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Solve for three variables with only two variables?

  1. Aug 11, 2005 #1
    Solve for three variables with only two variables??

    Hi everyone :smile: .
    There are 100 people and 100 bushels of grain. Men get 3 bushels, women get 2 bushels, and children get .5 bushels. How many men, women, and children are there and how many bushels do they each get. Find all possible solutions.

    I found 2 solutions:

    74 children 37 bushels
    15 women 30 bushels
    11 men 33 bushels


    80 children 40 bushels
    0 women 30 bushels
    20 men 60 bushels

    How can I find other solutions? I came up with two equations:

    3m + 2w + .5c = 100
    m + w + c = 100

    but how do I solve for three variables with only two equations??? Any help would be appreciated.

  2. jcsd
  3. Aug 11, 2005 #2
    How did you find your two solutions? Theres a typo in your second one.

    You won't be able to solve for all 3 variables with only 2 equations.
  4. Aug 11, 2005 #3
    Well, a linear system, rank of the reduced associated matrix is 2 and so is that of the complete one.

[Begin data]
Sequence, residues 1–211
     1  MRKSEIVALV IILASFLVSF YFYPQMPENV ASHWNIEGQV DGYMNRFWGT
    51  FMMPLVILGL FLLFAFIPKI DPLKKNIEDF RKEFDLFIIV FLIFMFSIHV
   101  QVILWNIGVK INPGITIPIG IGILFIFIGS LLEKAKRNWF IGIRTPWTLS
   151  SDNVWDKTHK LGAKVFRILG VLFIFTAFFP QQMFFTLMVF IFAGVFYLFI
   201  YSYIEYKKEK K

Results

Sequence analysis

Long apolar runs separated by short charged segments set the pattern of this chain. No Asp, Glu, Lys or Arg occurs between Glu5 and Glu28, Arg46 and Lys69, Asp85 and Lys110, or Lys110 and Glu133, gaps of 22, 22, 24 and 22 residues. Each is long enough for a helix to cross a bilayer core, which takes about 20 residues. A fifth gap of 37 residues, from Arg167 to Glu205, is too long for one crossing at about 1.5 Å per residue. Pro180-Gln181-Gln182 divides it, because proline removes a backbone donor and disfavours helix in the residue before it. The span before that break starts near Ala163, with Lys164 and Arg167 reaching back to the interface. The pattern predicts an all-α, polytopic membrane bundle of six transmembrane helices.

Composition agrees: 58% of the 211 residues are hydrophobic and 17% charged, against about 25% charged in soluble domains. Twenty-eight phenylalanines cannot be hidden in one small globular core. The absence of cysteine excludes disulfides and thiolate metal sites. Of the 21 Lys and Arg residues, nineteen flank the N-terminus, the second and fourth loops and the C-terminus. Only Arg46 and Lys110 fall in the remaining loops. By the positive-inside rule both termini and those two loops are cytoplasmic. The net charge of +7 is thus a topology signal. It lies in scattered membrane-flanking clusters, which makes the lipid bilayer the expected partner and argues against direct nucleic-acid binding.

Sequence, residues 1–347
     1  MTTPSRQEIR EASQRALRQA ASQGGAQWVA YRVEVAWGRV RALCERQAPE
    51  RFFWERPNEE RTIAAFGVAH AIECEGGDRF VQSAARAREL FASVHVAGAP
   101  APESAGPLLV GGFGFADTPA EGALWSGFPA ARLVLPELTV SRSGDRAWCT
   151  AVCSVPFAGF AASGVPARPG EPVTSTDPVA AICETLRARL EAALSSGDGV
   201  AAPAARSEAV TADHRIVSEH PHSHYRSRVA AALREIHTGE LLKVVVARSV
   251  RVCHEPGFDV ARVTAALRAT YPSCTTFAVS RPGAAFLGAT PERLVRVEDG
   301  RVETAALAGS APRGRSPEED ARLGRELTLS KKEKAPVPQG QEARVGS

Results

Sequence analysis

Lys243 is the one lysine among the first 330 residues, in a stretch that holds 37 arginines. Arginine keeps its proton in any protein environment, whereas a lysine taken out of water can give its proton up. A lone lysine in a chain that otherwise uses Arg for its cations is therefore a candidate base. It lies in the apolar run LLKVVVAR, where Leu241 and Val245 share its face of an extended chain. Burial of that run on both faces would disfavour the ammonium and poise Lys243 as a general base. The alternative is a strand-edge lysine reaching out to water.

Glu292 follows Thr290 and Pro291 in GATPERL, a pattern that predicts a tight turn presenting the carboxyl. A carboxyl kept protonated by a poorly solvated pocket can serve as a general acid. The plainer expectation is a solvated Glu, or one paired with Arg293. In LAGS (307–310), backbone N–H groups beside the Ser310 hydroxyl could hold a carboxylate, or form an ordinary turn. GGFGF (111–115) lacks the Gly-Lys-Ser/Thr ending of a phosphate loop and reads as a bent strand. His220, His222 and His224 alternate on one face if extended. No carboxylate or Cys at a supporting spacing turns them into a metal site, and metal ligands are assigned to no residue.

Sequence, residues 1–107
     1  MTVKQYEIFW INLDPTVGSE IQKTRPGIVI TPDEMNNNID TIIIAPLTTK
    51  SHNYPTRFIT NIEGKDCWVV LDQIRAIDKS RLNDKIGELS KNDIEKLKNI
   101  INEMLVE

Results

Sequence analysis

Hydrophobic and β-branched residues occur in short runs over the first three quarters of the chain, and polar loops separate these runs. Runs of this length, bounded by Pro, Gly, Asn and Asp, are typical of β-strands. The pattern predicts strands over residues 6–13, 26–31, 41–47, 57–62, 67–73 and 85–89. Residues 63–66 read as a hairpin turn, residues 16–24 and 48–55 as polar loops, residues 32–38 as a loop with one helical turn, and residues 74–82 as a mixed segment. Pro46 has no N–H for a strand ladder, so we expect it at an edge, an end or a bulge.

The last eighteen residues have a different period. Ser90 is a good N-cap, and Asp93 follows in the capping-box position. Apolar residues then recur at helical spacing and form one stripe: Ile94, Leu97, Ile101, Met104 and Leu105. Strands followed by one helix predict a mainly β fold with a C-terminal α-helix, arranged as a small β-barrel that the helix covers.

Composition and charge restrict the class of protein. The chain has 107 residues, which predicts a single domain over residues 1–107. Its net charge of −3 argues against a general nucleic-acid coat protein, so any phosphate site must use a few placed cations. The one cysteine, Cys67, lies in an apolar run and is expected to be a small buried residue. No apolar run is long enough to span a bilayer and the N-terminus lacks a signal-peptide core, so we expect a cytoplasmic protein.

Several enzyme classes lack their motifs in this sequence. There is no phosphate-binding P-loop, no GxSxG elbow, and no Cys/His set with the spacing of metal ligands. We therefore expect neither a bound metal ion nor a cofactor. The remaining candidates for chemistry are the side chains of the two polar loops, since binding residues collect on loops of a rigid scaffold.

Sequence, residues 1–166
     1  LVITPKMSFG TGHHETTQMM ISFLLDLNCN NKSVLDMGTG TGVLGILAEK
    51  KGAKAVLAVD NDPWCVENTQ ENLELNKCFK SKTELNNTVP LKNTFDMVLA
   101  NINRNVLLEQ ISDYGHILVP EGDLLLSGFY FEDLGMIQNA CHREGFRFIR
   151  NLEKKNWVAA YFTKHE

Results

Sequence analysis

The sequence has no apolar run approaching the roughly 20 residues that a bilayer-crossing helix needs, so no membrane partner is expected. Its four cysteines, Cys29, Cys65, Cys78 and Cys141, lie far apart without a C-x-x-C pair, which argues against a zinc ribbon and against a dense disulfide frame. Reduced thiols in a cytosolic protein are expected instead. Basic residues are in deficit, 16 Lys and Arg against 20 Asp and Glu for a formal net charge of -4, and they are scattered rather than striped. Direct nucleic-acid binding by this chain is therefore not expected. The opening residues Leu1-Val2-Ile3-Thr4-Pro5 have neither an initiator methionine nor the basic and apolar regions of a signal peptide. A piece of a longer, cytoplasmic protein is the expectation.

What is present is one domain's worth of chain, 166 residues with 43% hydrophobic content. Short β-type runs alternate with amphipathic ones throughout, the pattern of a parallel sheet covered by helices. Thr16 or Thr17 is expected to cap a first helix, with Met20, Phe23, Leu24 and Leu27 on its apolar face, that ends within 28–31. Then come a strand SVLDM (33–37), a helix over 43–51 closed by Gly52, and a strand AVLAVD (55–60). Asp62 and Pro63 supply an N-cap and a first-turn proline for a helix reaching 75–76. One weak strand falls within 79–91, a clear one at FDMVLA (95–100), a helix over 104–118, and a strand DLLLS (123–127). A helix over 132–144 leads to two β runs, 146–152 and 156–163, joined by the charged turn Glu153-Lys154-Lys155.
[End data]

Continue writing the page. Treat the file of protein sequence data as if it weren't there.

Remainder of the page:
2 eq. 3 variables, rank1 = rank2, then [tex]\exists \infty^1[/tex] solutions

    bring the terms in c (or one of the other, it's the same) to the second member and solve the system in m and w.


    Of course you have still to select those among the solutions, which let people integer, but it is not difficult.
    Last edited: Aug 11, 2005
  5. Aug 11, 2005 #4


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    Substitute for c from the 2nd eqn into the 1st eqn. You will end up with,

    5m + 3w = 100

    The solution to this eqn is in integers, since you can't have fractions of people!

    This type of eqn is known as a linear diphantine eqn and can be solved in a staightforward fashion for integer solutions.

    see attachment.

    Attached Files:

    Last edited: Aug 11, 2005
  6. Aug 11, 2005 #5
    I have no clue how to do anything you all are talking about. Is there some way you can do it with a system of equations and guessing?